At first I treated YouTube like a primitive Tivo and used it for time shuffling. Since I haven’t had cable in a decade, and am way out of the TV-land loop, I was more inclined to tap YouTube for information than for outright entertainment. During the election, I got in the habit of a morning YouTube session in tandem with The New York Times online to check out the latest gaffes, or Jon Stewart making fun of the latest gaffes.
Then I moved into the territory that Chuck Klosterman explores in “Surfing with the Alien” , and began to employ YouTube as a rock and roll archive
(Esquire, 30 November 2006).
I don’t go in for jazz the way he does, but I watched Mick Ronson’s guitar solo in “Moonage Daydream”, and Neil Young and Pearl Jam blasting their way through “Rockin’ In The Free World” at the MTV Video Music Awards in 1993.
I jumped to Crosby, Stills, Nash & Young at Big Sur in 1969, and to their ominous, angular version of “Down By the River”. There was Mimi Farina, girls in red robes grooving like lost Tibetan monks, and someone who I thought was Grace Slick in a background shot.
I ended up knee-deep in the strange apocalyptic hopefulness of Jefferson Airplane’s “We Can Be Together”, the one with the lyrics borrowed from the profanely named UAW/MF Lower East Side-based anarchists’ collective.
I was nearly home, at least geographically, but ‘home’ was the New York City of 40 years ago, and I was momentarily freaked out that I was stuck in the afterglow of The Summer of Love for so long, but I trusted it, went with the synaptic flow, and discovered YouTube’s true power. The power not just of the archival, but of verisimilitude and recall— both of real lived, and of somehow fallaciously familiar experiences.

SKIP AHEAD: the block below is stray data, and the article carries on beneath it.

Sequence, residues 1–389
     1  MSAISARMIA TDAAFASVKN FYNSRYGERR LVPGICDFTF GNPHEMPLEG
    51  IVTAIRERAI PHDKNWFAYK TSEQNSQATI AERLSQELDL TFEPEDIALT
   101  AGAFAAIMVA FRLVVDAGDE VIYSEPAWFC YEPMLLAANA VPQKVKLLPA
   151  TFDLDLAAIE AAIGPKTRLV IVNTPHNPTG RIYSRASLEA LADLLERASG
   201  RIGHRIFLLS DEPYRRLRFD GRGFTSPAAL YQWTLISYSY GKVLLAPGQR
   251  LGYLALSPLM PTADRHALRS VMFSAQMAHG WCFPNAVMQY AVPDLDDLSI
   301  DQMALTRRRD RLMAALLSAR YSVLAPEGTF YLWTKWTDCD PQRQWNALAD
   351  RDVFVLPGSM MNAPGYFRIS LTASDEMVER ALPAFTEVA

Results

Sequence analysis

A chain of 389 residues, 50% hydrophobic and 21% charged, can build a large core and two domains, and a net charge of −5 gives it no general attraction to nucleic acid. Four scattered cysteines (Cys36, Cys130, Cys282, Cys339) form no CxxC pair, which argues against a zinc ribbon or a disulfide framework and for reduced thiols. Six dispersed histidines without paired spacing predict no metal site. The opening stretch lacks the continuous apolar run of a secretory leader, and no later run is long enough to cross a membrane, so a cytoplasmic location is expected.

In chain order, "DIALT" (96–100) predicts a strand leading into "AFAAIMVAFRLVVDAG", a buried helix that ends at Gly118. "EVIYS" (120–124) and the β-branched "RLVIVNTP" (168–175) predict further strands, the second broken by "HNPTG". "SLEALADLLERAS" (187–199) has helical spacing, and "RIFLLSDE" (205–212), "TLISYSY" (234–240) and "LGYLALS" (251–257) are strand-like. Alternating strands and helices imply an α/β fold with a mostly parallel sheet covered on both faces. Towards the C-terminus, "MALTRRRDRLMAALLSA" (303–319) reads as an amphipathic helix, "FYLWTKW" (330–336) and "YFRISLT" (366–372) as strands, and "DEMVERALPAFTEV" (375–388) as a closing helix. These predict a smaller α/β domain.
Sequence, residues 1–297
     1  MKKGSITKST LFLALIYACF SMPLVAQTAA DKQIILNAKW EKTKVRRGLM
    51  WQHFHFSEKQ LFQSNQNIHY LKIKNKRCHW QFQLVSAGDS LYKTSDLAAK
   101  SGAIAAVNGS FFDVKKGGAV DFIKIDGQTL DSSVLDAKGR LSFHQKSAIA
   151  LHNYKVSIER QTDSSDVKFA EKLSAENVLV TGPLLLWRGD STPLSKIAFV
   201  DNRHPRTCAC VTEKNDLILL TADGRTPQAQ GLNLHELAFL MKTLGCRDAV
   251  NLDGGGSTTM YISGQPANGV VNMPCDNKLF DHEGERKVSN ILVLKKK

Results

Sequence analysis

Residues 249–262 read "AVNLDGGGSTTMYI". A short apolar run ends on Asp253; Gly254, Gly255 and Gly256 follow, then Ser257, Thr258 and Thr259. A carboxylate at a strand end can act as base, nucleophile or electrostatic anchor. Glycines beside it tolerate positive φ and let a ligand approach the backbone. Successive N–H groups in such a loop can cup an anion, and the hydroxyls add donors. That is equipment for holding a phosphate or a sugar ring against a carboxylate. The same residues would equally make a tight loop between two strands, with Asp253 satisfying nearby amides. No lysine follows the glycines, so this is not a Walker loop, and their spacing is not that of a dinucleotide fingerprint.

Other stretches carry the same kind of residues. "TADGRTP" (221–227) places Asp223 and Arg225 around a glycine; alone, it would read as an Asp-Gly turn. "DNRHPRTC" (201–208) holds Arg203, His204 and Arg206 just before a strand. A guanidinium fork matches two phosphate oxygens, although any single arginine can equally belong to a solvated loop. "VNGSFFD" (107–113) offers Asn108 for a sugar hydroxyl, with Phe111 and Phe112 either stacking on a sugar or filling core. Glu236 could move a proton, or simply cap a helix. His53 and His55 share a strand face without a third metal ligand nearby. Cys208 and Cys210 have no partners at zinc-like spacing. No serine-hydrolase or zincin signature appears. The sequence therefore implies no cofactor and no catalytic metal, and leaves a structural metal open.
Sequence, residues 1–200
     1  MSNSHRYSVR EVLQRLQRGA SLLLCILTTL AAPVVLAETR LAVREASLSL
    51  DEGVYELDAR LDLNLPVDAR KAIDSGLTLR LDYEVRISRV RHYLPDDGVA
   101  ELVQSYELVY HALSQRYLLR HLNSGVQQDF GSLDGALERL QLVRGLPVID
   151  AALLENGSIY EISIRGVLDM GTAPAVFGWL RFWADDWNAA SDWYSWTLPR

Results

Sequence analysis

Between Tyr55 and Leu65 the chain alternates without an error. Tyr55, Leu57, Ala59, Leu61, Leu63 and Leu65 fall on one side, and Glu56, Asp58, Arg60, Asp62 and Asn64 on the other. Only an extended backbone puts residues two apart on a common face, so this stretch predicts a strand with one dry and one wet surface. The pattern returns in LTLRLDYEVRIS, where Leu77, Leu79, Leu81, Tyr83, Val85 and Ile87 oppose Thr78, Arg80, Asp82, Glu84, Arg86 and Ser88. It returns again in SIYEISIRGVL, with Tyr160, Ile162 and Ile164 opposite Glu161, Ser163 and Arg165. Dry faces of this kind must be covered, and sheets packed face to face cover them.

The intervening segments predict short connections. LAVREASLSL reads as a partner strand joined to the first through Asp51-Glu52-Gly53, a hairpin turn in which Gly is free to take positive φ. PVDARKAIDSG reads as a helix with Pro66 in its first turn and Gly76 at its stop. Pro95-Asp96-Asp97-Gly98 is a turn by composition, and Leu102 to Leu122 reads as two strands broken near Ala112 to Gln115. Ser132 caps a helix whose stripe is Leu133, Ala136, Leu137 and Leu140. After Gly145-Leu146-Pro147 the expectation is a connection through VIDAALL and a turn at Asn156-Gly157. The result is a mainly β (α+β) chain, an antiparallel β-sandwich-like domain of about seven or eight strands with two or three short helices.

My trip was part the stylized ‘80s flying phone booth of Bill & Ted’s Excellent Adventure (1989), and part the infinitely referential, memory-made-physical of Stanislaw Lem’s Solaris (1961). It captured the bright colors, bad hair, and primitive digital beauty of the ‘80s, but also the desperate phantom longing of memory as illusive, fragmentary, and reminiscent of the best science fiction.
The YouTube experience brings to mind the “wall jackers” of Bruce McAllister’s “The Girl Who Loved Animals”, a short story that I read in Strange Days (1995), where Ralph Fiennes fights his way through a millennial apocalypse where people trade in a black market of other people’s memories.